A seven-step guide to going carbon-neutral

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Carbon neutral

Minimising the CO2 emissions of an enterprise can both cut its costs and boost its brand value. Rodrigo Bezerra, marketing supply manager for BP Target Neutral, offers his advice on reducing your firm’s ecological footprint

Becoming a carbon-neutral enterprise and/or developing carbon-neutral products and services can be highly effective ways of tackling the climate-change challenge while also enhancing your company’s brand.

The process of going carbon-neutral doesn’t need to be costly or complex. Indeed, it promises rapid cost and efficiency savings, meaning that you’ll have more money to reinvest in your business.

BP Target Neutral is a voluntary carbon offsetting programme that has been developing carbon-neutral products and services for BP’s customers and partners since 2007.

Having worked to international best-practice standards in this field for more than a decade, we can offer a number of tips, based on the experience we have gained, for building an effective carbon-neutral strategy.

1. Set clear objectives

Carbon-neutrality projects have more chance of lasting success when backed with a sound business case or CSR objective. Do you know your market? How will you position the marketing? What extra value can you gain from going carbon-neutral? If you consider such questions at the outset, it will help later. Conduct customer research or test mocked-up propositions to see what’s likely to work.

2. Measure and manage your emissions data

Engage an expert to help measure carbon emissions across the life-cycle of your product and/or operations. This is important, because it will highlight wastage and potential efficiency savings.

3. Plan for the long term

Going carbon-neutral requires a lasting commitment that needs to fit with your business strategy. In fact, its benefits will be realised only if you take a long-term approach to the process. You’ll benefit from year-on-year cost and efficiency savings as you carry out your carbon-reduction plan.

4. Work to a best-practice standard

Adopt an internationally recognised framework, such as the British Standards Institution’s PAS 2060. Working to such a standard will lend independent credibility to any carbon-neutrality claim.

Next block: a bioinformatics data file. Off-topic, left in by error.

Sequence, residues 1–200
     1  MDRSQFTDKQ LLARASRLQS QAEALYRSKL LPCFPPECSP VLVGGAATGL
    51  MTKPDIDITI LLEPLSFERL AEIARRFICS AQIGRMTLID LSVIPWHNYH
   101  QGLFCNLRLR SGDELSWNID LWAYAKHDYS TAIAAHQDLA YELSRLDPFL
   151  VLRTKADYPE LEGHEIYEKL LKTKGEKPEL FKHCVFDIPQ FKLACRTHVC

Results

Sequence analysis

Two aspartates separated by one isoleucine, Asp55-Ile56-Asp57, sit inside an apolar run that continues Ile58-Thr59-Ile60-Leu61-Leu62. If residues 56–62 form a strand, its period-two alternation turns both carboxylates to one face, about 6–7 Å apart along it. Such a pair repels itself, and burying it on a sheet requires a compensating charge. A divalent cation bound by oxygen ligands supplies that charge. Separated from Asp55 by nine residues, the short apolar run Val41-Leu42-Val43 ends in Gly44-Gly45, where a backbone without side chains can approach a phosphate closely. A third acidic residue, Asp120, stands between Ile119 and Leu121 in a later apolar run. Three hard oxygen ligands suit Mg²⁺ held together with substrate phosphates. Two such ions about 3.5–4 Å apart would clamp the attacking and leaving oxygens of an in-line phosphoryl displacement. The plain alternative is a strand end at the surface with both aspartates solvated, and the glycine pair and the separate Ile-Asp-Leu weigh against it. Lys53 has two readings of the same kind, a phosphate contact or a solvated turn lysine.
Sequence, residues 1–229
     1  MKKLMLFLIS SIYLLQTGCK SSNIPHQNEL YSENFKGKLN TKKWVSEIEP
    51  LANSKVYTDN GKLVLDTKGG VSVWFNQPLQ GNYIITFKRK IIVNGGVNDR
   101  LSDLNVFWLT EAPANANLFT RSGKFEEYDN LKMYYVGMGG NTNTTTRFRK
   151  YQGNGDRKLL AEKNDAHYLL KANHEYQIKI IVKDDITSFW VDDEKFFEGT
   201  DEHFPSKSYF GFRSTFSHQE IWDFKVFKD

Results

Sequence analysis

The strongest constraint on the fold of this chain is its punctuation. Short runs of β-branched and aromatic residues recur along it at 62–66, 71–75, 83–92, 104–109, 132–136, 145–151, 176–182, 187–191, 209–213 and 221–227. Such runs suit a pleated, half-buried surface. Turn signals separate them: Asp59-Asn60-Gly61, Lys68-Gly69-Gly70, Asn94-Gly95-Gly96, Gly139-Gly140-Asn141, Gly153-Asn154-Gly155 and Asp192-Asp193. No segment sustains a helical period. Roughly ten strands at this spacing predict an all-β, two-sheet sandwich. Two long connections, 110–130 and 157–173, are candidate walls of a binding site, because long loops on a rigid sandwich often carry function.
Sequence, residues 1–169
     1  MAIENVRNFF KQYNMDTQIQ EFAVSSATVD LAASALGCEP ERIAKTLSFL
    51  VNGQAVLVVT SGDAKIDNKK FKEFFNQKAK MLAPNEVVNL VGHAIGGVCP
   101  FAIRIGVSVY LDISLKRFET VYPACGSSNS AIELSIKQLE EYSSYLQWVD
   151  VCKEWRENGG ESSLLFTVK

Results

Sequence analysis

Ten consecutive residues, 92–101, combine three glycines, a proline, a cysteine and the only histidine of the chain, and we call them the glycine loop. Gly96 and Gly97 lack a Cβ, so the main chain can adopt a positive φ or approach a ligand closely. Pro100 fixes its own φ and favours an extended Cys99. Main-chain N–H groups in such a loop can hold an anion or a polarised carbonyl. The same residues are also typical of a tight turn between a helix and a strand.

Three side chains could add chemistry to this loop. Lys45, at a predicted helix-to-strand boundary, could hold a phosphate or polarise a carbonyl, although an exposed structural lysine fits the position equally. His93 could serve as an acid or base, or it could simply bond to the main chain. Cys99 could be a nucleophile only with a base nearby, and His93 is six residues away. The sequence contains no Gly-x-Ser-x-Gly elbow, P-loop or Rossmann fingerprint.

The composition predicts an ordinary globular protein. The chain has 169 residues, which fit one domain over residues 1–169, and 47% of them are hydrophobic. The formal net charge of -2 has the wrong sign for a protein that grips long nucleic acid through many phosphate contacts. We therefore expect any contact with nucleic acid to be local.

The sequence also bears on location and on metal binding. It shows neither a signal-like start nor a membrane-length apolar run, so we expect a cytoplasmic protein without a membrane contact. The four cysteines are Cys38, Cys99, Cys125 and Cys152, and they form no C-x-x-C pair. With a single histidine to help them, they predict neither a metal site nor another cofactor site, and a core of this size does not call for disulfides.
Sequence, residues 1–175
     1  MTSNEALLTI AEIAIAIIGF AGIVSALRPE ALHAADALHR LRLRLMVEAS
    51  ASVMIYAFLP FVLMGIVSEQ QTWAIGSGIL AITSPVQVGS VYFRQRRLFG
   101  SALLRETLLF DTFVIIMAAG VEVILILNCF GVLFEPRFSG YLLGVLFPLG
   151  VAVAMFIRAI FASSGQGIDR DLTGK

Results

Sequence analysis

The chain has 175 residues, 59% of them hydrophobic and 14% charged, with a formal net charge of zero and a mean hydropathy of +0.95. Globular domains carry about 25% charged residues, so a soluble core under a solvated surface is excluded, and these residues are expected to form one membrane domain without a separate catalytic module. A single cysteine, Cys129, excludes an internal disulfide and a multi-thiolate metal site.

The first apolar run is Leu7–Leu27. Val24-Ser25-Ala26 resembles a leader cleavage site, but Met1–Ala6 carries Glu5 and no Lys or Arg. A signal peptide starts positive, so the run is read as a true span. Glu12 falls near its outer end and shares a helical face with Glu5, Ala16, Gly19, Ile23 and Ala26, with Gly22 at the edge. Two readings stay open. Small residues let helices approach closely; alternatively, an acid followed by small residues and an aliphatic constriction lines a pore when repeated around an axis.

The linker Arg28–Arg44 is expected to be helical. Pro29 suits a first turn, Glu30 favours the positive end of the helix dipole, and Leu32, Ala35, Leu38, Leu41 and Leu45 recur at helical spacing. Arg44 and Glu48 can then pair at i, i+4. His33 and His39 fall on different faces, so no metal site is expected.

5. Put purpose behind offsetting

Most firms have certain emissions that can’t be reduced, which is where offsetting comes in. Using credits from carbon-reduction projects to offset these is a great way to achieve carbonneutrality. An offsetting project will often do more than cut a firm’s carbon footprint; it can also improve lives in the community in which it operates. Unlock the full value of this investment and consider its use as a marketing tool.

6. Visit your offset projects

Not all offset programmes are created equal. Gaining a good understanding of what you’re investing in will mitigate risk, so a fact-finding mission is a good use of your time. Gaining a deeper knowledge of your offset projects this way will also help you maximise their marketing value.

7. Be transparent in your reporting

If you do this right, you’ll have much to be proud of. Publish all documentation backing your carbon-neutrality claim in line with the International Carbon Reduction and Offset Alliance’s code of best practice (icroa.org).

For further information about BP Target Neutral, visit bptargetneutral.com

Rodrigo Bezerra BP

Rodrigo Bezerra is a civil engineer with a master’s degree in energy and environmental management. Having worked in the carbon sector for 12 years (three of which have been at BP), he has been influential in fields including policy, strategy and international offset project development

 

 

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Director commercial and sales

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